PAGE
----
Survival of the Fittest: Is Your Bank Positioned to Survive?

Success for most banks is dependent upon the ability to grow assets profitably.  A key element of sustainable profitability is operating revenue growth, yet for most commercial banks there is a disturbing trend of continued declines in operating revenue as a percentage of average assets.

image005

We predicted as early as 2010 that the industry’s operating revenue trends would continue to deteriorate.  Alarmingly, operating revenue trends for commercial banks continue to decline. Three quarters of commercial banks’ operating revenue as a percentage of average assets is lower today than in pre-recession 2006 and lower than in 1999, the peak year for pre-tax operating income[1] as a percentage of average assets.

The decline in operating revenue reflects declines in both net interest income and noninterest income as a percentage of average assets.  Our industry has been aware of net interest income pressures for well over 15 years.  To counter act diminished profitability from net interest income pressures, banks have focused on managing overhead expenses. However, like swimming against the tide, there has been no sustainable ground gained in banks’ efficiency ratio (the overhead cost to generate one dollar of operating revenue) because expenses have not declined as much as revenues.  Sustained underutilization of capacity can be quite expensive.  As a result, pre-tax operating income as percentage of average assets1 peaked more than a decade ago.

Add to these pressures on operating income new legislation and regulations that will inhibit key sources of fee income, higher costs associated with increased regulations and new technology and delivery, and required higher levels of regulatory capital and a very challenging future emerges.

Most bankers will say that these last five recessionary years have been extremely challenging.  I believe the next five to ten years will be as challenging or more so.  With low economic growth, lack of robust business investment in expansion and continued low interest rates, all banks will be fighting for meaningful earning asset growth to achieve targeted rates of return for their shareholders.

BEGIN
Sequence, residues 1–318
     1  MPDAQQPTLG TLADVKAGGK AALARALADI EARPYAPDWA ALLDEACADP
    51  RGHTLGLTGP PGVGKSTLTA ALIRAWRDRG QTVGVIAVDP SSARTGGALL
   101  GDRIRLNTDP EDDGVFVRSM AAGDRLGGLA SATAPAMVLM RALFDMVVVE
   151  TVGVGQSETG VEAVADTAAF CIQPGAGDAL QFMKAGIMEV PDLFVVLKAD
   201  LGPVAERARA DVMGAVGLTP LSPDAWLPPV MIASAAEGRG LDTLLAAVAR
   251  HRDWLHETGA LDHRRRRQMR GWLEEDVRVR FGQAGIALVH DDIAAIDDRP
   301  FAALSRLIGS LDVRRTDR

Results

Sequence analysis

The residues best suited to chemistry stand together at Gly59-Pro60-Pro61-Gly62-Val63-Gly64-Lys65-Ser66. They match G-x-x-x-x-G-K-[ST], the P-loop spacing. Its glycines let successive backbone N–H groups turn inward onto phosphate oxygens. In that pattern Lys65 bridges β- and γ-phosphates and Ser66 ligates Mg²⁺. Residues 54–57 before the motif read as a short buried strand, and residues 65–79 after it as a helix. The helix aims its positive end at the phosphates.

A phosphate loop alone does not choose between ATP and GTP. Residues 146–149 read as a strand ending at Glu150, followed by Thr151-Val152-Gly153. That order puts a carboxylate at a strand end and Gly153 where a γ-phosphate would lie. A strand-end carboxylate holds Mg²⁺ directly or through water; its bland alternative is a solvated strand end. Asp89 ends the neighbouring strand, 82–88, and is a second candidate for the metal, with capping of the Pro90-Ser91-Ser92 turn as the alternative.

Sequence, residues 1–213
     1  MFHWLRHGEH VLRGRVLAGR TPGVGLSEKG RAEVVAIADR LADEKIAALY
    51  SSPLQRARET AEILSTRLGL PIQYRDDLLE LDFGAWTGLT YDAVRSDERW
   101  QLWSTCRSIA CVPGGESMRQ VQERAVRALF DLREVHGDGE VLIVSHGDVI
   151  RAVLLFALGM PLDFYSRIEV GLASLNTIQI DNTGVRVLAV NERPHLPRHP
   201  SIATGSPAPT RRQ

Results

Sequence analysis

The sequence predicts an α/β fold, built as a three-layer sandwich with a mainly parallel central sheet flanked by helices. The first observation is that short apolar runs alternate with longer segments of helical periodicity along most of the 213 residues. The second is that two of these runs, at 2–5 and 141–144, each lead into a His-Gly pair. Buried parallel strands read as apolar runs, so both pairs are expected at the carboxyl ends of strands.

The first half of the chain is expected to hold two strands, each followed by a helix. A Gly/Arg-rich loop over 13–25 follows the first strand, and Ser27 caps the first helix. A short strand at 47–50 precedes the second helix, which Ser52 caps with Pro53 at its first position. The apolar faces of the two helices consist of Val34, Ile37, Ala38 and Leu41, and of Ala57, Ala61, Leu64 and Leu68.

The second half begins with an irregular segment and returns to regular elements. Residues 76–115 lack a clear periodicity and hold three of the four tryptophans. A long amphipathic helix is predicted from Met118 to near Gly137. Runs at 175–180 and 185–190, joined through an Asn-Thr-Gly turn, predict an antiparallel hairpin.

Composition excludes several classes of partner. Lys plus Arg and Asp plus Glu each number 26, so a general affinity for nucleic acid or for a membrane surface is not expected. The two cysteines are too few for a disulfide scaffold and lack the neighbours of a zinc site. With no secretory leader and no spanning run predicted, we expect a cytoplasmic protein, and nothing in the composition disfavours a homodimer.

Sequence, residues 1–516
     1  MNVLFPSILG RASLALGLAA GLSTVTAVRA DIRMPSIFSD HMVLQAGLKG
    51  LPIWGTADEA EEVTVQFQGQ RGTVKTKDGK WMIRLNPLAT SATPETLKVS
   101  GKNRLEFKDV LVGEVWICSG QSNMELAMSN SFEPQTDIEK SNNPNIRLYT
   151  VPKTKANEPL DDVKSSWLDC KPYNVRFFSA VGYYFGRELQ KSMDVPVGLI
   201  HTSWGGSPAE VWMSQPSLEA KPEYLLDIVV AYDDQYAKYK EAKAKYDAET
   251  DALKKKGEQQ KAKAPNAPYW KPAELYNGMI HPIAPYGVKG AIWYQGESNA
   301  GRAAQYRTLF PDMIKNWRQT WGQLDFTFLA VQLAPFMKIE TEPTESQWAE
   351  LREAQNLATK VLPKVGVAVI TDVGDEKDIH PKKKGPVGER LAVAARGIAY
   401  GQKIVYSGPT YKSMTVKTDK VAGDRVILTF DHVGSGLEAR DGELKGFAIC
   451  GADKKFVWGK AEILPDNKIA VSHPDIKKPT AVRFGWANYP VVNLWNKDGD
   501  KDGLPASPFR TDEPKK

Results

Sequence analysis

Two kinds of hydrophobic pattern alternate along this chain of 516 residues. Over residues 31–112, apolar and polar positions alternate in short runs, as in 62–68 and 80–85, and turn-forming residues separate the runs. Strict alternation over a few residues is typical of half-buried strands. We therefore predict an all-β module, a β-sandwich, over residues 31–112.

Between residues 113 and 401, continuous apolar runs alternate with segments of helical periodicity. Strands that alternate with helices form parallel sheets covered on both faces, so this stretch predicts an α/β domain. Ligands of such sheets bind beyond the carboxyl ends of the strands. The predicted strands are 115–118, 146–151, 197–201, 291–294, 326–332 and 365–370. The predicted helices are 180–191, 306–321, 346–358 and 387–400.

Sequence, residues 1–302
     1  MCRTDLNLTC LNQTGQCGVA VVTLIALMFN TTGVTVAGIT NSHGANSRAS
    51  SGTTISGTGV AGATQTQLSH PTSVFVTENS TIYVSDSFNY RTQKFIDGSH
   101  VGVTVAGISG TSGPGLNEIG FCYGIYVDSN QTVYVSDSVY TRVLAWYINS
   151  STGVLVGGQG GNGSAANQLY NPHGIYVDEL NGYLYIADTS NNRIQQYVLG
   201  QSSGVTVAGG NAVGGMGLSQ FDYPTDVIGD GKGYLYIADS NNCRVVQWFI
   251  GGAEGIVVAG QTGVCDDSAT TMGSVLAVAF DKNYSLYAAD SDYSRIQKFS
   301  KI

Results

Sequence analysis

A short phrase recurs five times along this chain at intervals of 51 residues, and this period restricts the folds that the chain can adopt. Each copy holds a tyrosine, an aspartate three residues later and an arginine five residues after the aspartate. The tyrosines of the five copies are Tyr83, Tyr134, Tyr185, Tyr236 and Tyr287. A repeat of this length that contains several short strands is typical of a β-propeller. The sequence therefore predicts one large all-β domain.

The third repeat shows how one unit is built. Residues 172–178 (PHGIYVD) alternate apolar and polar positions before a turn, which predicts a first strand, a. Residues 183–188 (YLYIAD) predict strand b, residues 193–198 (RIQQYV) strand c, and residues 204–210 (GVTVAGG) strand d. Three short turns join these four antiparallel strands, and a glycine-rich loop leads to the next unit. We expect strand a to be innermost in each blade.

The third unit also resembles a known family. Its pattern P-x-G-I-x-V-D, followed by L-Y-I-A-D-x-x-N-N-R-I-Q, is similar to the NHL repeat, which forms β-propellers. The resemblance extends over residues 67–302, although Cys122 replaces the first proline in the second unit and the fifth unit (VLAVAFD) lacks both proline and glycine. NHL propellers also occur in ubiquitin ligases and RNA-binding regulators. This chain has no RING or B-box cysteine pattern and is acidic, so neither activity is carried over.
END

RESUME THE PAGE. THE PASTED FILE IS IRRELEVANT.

Charles Darwin, the English naturalist, said it best: “It is not the strongest of the species that survives, nor the most intelligent that survives. It is the one that is the most adaptable to change.”  In order to thrive (not just survive) in this highly competitive environment most banks must reevaluate their business models and realign them to meet the challenges ahead.   Those that can adapt their business models quickly will move ahead of the pack and thrive in this challenging environment.

Untitled-18As you create your strategic plan for the next few years, thoughtful consideration should be given to whether your business model is optimally aligned to create sustainable, profitable growth.  For the well-positioned, adaptable bank, there is a navigable path to sustainable profitable growth.  It will, however, necessitate focus, discipline and precision in execution.

What is this navigable path?  Experience and insights gained in working with scores of banks over the last two decades coupled with rigorous analysis of best practice strategies informs our perspective on successful business strategies.  Over the coming weeks, I will outline strategies your bank should consider for creating sustainable, profitable growth.  Primary themes will include smart earning asset growth funded by core deposits, diversified operating revenue growth, relentless focus on right-sizing operational efficiency and productivity, capital management strategies, and prudent risk management.

[1] Pre-tax operating income is calculated as gross income before securities gains and losses, extraordinary items and income taxes.

Leave a Reply

Your email address will not be published. Required fields are marked *